Recent research in social psychology has identified a fixed mindset and a growth mindset with completely different takes on failure. Carol S. Dweck, PhD, the Lewis and Virginia Eaton Professor of Psychology at Stanford, describes the research behind these two worldviews in her book Mindset: The New Psychology of Success (New York: Ballantine Books, 2006)
People with a fixed mindset believe that intelligence is static and largely determined by genetics; they want to appear smart and so avoid challenging problems; effortless success is desired because it affirms one’s natural endowment and ability; they get defensive and give up easily when faced with obstacles, and they ignore useful negative feedback; these people feel threatened when others are successful and they plateau early and achieve less than their full potential.
People with growth mindsets believe intelligence can be developed which leads to a desire to learn by embracing challenges; they persist when faced with obstacles and see effort as the path to mastery; criticism and feedback is an opportunity to learn and grow, and the success of others offers lessons and inspiration. They reach higher levels of achievement than one might predict from their IQ scores.
A study of University of Hong Kong students took advantage of the fact that instruction is in English and that some entering students are not fluent in English. The investigators measured the mindset of the students who were not skilled in English and divided them into fixed and growth groups by use of a validated questionnaire. They then asked the subjects if they would take a class for students who needed to improve their English skills. The fixed mindset students were not interested in such a class; the growth mindset students were anxious to sign up for the remedial course.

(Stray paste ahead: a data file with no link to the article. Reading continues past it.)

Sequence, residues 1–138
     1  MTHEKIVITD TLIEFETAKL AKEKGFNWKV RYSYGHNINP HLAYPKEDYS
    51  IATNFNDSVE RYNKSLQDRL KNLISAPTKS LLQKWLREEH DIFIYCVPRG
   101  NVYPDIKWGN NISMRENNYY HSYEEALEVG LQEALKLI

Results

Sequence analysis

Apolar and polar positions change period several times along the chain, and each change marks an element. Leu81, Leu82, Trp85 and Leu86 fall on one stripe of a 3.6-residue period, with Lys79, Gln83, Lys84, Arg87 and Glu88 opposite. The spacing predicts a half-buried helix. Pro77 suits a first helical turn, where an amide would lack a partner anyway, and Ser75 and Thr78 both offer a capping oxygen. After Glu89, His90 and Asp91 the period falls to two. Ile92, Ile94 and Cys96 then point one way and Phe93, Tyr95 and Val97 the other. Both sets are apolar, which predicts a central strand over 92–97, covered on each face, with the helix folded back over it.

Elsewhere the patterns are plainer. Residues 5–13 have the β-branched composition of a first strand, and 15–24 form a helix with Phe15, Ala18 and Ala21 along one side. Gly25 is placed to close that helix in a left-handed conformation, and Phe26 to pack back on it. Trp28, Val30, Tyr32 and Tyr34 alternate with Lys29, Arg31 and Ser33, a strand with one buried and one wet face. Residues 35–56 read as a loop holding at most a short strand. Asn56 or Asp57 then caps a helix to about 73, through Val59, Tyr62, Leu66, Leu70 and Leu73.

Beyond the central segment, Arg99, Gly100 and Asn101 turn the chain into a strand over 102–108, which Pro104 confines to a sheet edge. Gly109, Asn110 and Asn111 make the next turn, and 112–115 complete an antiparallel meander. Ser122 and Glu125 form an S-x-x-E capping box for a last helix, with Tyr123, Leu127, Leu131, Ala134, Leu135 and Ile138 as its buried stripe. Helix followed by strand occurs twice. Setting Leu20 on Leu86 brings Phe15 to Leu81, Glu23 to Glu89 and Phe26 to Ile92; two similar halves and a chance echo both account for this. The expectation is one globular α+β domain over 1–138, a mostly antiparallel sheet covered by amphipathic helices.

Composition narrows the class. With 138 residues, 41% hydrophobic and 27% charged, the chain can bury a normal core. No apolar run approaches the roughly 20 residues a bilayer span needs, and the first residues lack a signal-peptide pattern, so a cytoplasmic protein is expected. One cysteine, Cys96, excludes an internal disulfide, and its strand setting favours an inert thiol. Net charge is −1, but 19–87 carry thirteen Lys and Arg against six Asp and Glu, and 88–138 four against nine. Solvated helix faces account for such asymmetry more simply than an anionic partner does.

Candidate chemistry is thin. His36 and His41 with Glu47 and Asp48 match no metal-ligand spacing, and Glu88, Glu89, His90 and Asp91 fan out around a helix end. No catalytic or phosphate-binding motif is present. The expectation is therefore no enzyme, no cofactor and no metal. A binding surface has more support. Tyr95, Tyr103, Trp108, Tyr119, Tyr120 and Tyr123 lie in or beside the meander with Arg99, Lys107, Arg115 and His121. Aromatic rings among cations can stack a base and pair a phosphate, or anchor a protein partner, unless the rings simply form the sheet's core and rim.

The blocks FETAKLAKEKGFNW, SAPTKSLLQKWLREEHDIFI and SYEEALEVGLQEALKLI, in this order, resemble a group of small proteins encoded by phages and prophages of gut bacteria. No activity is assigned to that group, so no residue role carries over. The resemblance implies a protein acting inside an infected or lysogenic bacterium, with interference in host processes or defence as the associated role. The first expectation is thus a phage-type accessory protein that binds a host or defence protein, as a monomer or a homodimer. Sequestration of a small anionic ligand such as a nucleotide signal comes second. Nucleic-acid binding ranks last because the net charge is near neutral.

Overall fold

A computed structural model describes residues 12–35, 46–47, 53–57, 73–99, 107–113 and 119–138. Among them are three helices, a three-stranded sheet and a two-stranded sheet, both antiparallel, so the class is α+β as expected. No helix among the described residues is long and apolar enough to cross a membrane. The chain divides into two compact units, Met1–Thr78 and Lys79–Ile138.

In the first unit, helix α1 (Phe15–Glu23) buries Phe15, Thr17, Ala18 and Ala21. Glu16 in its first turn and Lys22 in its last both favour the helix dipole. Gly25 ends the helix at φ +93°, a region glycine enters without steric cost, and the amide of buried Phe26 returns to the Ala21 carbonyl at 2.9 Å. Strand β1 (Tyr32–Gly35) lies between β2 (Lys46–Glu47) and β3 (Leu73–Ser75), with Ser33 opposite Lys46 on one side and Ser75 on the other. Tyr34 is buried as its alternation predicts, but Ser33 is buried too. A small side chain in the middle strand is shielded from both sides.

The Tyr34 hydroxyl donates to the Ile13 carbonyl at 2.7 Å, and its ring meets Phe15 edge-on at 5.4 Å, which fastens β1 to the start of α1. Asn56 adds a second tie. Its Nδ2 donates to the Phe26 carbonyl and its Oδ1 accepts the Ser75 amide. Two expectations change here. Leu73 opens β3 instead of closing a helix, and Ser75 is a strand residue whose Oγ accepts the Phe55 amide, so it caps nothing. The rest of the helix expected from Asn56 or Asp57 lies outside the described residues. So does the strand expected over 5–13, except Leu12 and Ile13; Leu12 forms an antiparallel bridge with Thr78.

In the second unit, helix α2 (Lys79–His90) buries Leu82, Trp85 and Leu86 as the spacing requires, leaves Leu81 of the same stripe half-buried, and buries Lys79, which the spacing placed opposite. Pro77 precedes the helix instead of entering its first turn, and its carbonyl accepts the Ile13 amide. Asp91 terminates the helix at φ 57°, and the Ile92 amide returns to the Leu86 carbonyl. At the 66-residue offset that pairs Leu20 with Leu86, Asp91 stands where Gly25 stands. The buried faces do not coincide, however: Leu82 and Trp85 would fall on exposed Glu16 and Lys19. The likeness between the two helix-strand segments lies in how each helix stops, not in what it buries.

Richard E. Nisbett, a Distinguished University Professor at the University of Michigan, in Intelligence and How to Get It: Why Schools and Culture Count (New York: Norton, 2009) describes a Canadian experiment where Japanese and Canadian college students were studied. Canadians worked longer on a creativity test if they had succeeded on the first part of the study than if they had done badly. Japanese worked longer on a creativity test if they had failed at first than if they had succeeded.
“Persistence in the face of failure is very much part of the Asian tradition of self-improvement. And Asians are accustomed to criticism in the service of self-improvement in situations where Westerners avoid it or resent it. For example, Japanese schoolteachers are observed in their classrooms for at least ten years after they begin teaching.” (Nisbett)
Dweck gives many examples from business and sports to illustrate the difference between the fixed mindset and the growth mindset in action in real life situations. For me the most compelling was the contrast between two highly successful college basketball coaches: Bobby Knight representing the fixed mindset and John Wooden representing the growth mindset. There is no doubt in my mind which approach is superior.
Nisbett’s book clearly refutes the idea that intelligence is biologically fixed (think The Bell Curve and James Watson’s statements on race and religion). He convincingly argues that culture has a lot to do with how smart we become and how much we achieve in this life.
This emerging field of social psychology with its better understanding of intelligence has developed methods to help people switch from a fixed mindset to a growth mindset. The growth mindset would appear to be an excellent way to equip physicians with the humility, courage, and existential strength needed to want to receive report cards that would improve patient care and decrease the cost of American health care.
Kent Bottles, MD, is past-Vice President and Chief Medical Officer of Iowa Health System (a $2 billion health care organization with 23 hospitals). He was responsible for the day-to-day operations of a large education and research organization in Michigan prior to his work with in Iowa with IHS. Kent posts frequently at his new blog, Kent Bottles Private Views.